Founded in 2012, Lyft currently operates in nearly 200 cities in the U.S., and is one of Uber’s largest competitors in NYC. In many ways the services are virtually identical, but Lyft seems to have a commitment to safety that surpasses Uber’s. Lyft offers three tiers of service: a black car for up to four passengers (Lyft), a vehicle large enough for up to six passengers (Lyft Plus), or a ridesharing option (Lyft Line). The standard service carries a base fare of $2.50, and the minimum fare is $8.00. There is also a $10 fee to cancel a ride.
The app is easy to use and all payments are handled securely online.
Once you have hailed a ride, you can watch your car make its way to you in real time via the app.
Users of Lyft report clean cars, and friendly drivers.
Some users have reported wait times in excess of 10 minutes, depending on the time and location.
Like Uber, Lyft uses surge pricing during peak times.
The multi-national ride hailing service Gett has been operating in New York City since 2013, but it wasn’t until they began offering a $10 maximum charge for rides south of 110th Street late last year, that they began to raise some eyebrows. Gett promises flat rates and no surge pricing ever (in defiance of Uber and Lyft’s claims that surge pricing is a necessary evil), a feat which they have accomplished by increasing their fleet of drivers in New York from 2,000 to over 4,000 to meet demand during peak hours. With that said, some users have reported longer wait times, and occasionally, no available cars at all.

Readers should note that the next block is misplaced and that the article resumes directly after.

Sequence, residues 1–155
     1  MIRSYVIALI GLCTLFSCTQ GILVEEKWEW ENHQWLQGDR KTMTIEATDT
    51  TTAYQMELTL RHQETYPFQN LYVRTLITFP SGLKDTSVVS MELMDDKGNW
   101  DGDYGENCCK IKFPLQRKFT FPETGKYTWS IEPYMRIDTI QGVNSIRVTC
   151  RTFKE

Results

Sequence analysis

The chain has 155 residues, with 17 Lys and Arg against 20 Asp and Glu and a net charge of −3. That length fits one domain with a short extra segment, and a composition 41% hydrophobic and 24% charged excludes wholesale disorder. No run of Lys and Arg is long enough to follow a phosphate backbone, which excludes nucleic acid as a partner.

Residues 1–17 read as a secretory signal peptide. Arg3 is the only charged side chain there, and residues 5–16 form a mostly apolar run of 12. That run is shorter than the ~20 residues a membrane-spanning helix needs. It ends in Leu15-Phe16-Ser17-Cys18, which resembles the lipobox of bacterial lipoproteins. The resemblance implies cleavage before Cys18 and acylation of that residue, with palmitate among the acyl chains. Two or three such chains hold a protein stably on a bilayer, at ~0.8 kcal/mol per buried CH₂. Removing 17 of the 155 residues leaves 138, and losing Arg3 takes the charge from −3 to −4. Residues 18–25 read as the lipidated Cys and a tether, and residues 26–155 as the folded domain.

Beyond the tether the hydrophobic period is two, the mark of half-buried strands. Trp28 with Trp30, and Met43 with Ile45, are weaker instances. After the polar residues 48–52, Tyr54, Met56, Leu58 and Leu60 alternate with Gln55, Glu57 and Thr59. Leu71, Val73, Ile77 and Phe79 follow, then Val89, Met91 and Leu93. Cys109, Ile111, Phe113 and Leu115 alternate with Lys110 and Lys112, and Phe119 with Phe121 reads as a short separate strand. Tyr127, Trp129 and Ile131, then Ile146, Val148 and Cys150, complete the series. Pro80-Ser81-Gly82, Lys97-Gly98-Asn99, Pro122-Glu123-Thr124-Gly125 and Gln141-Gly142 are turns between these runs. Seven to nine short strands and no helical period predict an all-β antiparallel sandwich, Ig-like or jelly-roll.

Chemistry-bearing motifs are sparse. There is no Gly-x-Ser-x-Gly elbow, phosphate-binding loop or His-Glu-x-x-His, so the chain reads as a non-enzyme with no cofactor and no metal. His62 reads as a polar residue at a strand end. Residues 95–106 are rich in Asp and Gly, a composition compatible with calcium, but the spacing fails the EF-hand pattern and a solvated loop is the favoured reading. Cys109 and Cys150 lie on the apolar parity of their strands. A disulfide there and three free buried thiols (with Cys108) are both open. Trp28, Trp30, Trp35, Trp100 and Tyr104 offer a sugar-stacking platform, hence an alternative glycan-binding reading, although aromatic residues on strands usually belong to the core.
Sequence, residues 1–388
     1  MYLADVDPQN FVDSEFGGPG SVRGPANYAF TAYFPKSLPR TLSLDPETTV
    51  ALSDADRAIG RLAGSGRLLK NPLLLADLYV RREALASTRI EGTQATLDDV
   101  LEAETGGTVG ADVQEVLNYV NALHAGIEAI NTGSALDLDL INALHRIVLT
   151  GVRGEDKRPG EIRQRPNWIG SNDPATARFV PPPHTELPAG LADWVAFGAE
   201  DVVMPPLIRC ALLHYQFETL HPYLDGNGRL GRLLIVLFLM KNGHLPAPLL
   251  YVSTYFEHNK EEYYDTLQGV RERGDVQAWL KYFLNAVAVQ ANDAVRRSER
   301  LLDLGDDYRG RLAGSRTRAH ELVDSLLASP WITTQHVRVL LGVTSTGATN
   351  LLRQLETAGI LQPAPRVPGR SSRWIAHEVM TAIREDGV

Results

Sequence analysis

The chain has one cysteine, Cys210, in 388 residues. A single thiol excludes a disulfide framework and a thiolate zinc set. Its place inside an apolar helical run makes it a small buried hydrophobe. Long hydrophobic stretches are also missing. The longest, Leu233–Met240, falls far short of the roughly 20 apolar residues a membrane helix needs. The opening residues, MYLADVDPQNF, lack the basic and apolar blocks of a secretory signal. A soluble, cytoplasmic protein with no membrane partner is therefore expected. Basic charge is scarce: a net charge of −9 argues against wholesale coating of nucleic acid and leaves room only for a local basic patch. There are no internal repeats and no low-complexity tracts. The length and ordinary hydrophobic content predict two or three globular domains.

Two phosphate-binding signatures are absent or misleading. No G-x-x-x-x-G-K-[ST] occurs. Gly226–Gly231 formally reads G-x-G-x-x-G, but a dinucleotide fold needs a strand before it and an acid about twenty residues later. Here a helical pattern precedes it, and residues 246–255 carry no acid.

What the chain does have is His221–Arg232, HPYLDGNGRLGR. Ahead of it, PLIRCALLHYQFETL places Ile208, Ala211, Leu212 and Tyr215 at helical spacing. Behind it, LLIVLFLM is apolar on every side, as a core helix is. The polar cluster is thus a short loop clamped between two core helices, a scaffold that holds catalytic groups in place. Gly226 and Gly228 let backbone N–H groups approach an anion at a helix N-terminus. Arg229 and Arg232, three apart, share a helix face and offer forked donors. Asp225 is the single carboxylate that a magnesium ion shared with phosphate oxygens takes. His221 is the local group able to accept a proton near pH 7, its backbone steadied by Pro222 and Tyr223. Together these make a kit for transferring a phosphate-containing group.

Gett offers affordable flat rates and no surge pricing.
Users of Gett report that the cars are clean, and the drivers are friendly and courteous.
There is a $10 maximum charge for rides south of 110th Street in Manhattan.
Gett users have reported wait times in excess of ten minutes.
There aren’t always cars available.
Via is a relatively new rideshare service that is currently only available in New York and Chicago. Users can request a ride on their smartphone, and an algorithm matches them with a car nearby that may already be carrying a passenger that is going the same direction. Users can hail rides between the hours of 6:30am and 9pm for $5.00 plus tax; after 9pm, the fare increases to $7.95 plus tax. Via claims an average wait time of five minutes, and is a great option for anyone who doesn’t mind sharing a ride with a stranger and is interested in reducing their carbon footprint.
Via’s ridesharing structure leaves a reduced carbon footprint and helps to reduce traffic.
The fares are extremely reasonable, and the fare structure is simple and uncomplicated.
This doesn’t have to be a con, but you will probably have to share a ride with someone you’ve never met.
Via is not operational between midnight and 6:30am, and will only go as far north as 110th Street in Manhattan.
In the end, each one of these services may be more or less ideal, depending on the circumstances, and how much money you are willing to trade for comfort and convenience. Variety is the spice of life as they say, and while competition may be a bad thing for the yellow cabs, its definitely a good thing for consumers and the city economy.